1926 Gibson Mastertone/Monteleone Conversion 5-String Resonator Banjo

This banjo is a particularly sweet-sounding, easy-playing beast. Its rim and resonator is a complete 1926 Gibson "ball bearing" archtop-tonering unit while the neck is made by none other than John Monteleone -- probably in the '70s. The rim and resonator were resprayed at the same time as the neck, so the look of the instrument is cohesive and tidy.

How's it sound? Well, it's a '26 Mastertone -- of course it sounds good! Even with the head cranked, these archtop rings have a more relaxed, saturated sound than a flathead and still have plenty of volume. The Monteleone neck is on the thin, super-champion-fast side of cuts and I have to admit that I like it a lot. Its fretboard has a more-or-less flat cut, though the edges are rolled-off at the sides. The fretting makes it play like a flat-fretboard instrument, however.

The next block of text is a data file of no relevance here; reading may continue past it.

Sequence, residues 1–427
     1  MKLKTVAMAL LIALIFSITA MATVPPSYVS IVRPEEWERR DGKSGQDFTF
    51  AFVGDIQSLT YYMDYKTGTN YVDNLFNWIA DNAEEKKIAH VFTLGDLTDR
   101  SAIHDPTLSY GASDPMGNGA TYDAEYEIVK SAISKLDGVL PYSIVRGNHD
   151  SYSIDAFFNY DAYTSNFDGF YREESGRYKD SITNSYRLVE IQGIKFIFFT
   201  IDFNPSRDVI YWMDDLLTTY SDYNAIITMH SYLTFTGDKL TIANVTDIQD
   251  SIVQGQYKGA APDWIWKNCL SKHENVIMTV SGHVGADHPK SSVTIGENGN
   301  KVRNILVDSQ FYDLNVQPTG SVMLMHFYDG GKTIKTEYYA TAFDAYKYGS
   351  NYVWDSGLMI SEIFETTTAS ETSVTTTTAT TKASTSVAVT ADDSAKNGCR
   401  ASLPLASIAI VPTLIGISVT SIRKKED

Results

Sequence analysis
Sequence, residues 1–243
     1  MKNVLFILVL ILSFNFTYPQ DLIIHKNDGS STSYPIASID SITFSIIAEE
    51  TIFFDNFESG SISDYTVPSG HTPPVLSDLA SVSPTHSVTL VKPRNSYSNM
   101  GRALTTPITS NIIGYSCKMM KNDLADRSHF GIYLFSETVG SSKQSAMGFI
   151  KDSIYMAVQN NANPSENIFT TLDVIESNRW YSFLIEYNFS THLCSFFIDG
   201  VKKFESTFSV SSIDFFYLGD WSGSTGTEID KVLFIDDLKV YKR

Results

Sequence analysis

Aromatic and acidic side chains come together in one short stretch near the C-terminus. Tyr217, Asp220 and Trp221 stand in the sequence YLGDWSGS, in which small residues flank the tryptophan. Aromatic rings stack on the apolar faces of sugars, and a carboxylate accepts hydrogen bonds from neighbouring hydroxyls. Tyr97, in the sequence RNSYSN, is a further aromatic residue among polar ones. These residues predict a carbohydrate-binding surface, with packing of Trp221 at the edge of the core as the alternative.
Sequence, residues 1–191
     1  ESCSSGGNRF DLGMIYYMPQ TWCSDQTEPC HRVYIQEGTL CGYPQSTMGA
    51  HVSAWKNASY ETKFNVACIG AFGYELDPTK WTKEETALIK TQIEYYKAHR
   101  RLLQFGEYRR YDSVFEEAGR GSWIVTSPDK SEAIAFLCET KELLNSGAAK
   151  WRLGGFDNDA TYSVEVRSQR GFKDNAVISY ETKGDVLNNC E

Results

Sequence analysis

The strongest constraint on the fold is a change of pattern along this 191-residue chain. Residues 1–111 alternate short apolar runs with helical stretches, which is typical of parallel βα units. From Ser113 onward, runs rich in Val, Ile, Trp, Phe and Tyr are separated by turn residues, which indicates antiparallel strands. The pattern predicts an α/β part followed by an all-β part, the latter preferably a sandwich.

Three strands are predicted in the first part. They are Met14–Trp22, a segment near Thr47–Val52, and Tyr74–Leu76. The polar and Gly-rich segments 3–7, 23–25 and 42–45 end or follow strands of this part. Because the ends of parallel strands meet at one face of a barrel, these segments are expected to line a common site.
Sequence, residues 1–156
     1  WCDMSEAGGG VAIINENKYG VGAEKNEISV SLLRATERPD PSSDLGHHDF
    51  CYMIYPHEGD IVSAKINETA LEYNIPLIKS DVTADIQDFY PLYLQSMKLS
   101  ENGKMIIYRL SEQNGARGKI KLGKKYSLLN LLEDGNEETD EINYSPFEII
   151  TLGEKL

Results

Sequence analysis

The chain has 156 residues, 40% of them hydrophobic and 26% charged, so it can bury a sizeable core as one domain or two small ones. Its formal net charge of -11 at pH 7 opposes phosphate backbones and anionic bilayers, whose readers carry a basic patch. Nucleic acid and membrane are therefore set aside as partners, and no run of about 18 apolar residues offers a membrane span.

Normal Gibson-style specs apply and the conversion neck is mahogany with an ebony board. My only work on this was to set it up and compensate the bridge, though my wandering eye notes that the (original?) tailpiece has just about had it with this life. I managed to coax it into position with the tabs below its "deck" helping to bite-back on tension via the tension hoop, though I know that the "bent-over" area of the tail is just about to die.

While this banjo is a resonator instrument and thus always going to be on the heavier side, it's actually a lightweight compared to most resonator 5-strings of good quality -- something that (for me) makes it infinitely more fun to play.

The Monteleone neck remains straight, true, and truss-functional.

Here are some shots during work of the inside of the rim.